“Fabric is the most extraordinary thing; it has life. You must respect the fabric”- Hubert de Givenchy
It is no doubt that fabric is the heart and soul of the textile and fashion industry. Fabric speaks at every social, formal event. From the traditional Nigerian wedding ceremonies to even formal events. The popularised “aso-ebi” – (uniform clothing) is a tip of the iceberg on how fabric is used in Nigeria. Fabric is the heart and soul of the textile and fashion industry. The fabric industry in Nigeria is a budding one with prospect for developing the Nigerian economy. In a report by Proshare Intelligent Investing, textile, apparel and footwear sub-sector remains the 2nd largest contributor to Nigeria’s manufacturing Industry with an output of about 383 billion Naira as of the year 2017. Collins English Dictionary defines fabric as “cloth or other material produced by weaving together cotton, nylon, wool, silk, or other threads”.
The World Intellectual Property Organisation defines Intellectual property as the creation of the mind such as inventions, literary and artistic works, designs and symbols, names and images used in commerce. The derivative of this is that Intellectual Property Law is the law that protects the creation of the mind. The rationale for the protection of the creation of the mind can be explained in only 9 words, “it is hard to create but easy to copy”. The trite question to be answered is: how are fabric creation and designs protected under the Nigerian Intellectual Property Laws?
In Nigeria, there are 4 major means of protecting intellectual property: namely: copyrights, trademarks, patents, and industrial designs. Under the Nigerian Copyrights Act 1988, the following works are eligible for protection namely: literary, musical works, artistic works, cinematograph films, sound recordings, and broadcast. Fabrics are not literary, musical, cinematograph films, sounds recordings and broadcasts. So at best they can be classified as artistic works. However, the Copyright has placed a restriction on artistic works in the following words: “an artistic work shall not be eligible for copyright if, at the time when the work is made, it is intended by the author to be used as a model or pattern to be multiplied by an industrial process”.
To this end, if the designer of the fabric intends that the created fabric is to be used for mass production, Copyright protection cannot avail such designer. Under the Patents and Designs Act 1971 patentable inventions are defined as new inventions that result from an inventive activity and are capable of industrial application; or if it constitutes an improvement upon a patented invention and also is new, results from inventive activity and is capable of industrial application. To this extent Patents solves the problem of mass production. Let’s remember that under copyright, one cannot obtain protection for an artistic work intended for mass production.
However, the problem with patent are: first, patents only protect the invention and not necessarily the design/aesthetic beauty. Secondly, the cost of registration which is estimated at $1235 as well as the cost of protection and the cumbersome process of protection are a great obstacle to budding designers.
Design under the Patent and Designs Act are only protectable to the extent that they are: “any combination of lines or colours or both, and any three dimensional form, whether or not associated with colours, is an industrial design, if it is intended by the creator to be used as a model or pattern to be multiplied by industrial processes and is not intended solely to obtain a technical result”. These designs are protectable only if the designs are new and they are not contrary to public order or morality.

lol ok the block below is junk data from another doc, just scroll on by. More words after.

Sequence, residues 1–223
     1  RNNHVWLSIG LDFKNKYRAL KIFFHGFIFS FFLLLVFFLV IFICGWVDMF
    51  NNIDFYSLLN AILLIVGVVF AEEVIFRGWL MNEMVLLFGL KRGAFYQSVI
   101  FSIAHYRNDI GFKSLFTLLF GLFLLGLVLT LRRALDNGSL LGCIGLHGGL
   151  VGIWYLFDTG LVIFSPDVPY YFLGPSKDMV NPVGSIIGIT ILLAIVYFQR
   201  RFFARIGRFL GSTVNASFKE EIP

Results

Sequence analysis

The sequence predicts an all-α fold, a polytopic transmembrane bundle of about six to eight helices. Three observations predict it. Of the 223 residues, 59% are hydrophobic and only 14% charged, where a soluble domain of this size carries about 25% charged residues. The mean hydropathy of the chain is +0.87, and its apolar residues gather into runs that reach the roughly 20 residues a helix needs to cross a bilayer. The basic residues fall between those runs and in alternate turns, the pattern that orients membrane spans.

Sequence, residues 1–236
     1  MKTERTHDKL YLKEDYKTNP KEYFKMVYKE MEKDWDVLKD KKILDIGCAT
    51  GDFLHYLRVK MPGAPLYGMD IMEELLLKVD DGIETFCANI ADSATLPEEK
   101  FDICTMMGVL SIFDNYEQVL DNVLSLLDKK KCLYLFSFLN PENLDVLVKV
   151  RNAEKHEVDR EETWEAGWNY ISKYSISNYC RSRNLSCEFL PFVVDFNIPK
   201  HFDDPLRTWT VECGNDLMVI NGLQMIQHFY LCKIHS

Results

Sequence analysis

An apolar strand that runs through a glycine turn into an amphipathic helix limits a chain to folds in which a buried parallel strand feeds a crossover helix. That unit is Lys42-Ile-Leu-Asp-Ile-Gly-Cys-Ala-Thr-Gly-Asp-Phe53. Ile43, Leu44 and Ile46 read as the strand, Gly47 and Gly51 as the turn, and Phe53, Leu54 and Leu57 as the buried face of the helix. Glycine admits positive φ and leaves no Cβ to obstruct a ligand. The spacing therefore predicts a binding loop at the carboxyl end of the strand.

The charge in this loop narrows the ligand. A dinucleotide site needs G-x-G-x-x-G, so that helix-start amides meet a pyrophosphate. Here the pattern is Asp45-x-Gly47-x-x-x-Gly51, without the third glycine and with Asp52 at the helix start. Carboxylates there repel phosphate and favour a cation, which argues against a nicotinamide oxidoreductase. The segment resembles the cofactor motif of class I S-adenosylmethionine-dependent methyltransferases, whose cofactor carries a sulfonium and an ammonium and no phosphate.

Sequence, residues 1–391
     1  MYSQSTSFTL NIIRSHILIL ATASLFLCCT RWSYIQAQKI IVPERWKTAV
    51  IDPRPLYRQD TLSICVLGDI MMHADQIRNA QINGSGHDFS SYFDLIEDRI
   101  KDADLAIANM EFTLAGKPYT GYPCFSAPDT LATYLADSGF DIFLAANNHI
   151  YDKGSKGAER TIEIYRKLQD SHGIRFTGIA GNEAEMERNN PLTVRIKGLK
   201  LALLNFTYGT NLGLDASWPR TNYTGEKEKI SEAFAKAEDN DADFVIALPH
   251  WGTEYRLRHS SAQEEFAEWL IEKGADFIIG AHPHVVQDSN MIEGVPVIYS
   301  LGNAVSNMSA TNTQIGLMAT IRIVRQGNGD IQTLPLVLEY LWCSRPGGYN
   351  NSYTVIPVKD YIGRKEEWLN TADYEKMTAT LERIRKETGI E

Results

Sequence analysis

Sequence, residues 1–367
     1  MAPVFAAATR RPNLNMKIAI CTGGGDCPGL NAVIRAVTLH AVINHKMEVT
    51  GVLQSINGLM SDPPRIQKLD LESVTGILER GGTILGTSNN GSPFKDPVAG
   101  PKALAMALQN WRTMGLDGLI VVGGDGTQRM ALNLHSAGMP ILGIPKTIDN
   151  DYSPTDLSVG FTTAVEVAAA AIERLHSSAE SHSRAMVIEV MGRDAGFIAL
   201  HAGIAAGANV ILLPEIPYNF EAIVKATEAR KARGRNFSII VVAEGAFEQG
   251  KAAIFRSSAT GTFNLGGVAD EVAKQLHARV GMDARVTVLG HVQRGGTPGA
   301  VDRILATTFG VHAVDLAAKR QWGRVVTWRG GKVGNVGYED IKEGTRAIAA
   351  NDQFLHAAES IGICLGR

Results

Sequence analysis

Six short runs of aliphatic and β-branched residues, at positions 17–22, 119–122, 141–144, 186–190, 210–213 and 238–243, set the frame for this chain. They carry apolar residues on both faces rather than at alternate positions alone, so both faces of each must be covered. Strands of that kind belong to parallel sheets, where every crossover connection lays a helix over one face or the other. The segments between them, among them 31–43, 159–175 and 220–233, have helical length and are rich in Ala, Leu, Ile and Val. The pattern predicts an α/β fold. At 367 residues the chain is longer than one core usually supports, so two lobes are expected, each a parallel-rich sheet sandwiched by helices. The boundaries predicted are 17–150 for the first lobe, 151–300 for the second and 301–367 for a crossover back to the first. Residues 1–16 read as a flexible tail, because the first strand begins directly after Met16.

These designs are only registerable if they are new and are not contrary to public order and morality. The term “new” presupposes novelty, either as to pattern, shape or in the way in which the pattern, shape or ornament is to be applied to some special subject matter. This protection under Designs is quite an improvement from the protection obtainable under copyright to the extent that, the designs can be protected for mass production. Protection under designs is more wholesome than that obtainable under copyright to the extent that designs can be protected even when they are intended for mass production. The duration for the protection of designs under the Patent and Designs Act is 5 years renewable for two further consecutive periods of 5 years. It is opined that the duration is too short owing to the need to encourage innovation irrespective of the attempt to dissuade a monopoly of designs as envisaged by the Act.
Although, currently, the existing Legislative framework goes a long way, it is oftentimes not the most practicable means of production. Thus oftentimes, the alternatives to Intellectual Property such as doing nothing and trusting the brand identity and customer loyalty to protect one’s economic interests are sometimes advisable, especially for budding brands. This also works because the fast pace of the industry oftentimes means trends may come and go out of season while the legal protection process is ongoing. However, doing nothing is not generally advisable. While it may be cheaper to do nothing and trust in the innovation to sell itself, there is also a greater likelihood of IP infringement if one does nothing. Another alternate means of protection is the use of trade secrets. This can work for the creation of those patterns that are so unique that they cannot be replicated without knowledge of the particular arrangement of the fabric
In conclusion, the mechanisms for the protection of fabric in Nigeria vary. Although there is a lot of work to be done in the protection of fabrics, we submit that the Nigerian fabric Industry possesses enough potential that can be exploited for the benefit of all stakeholders.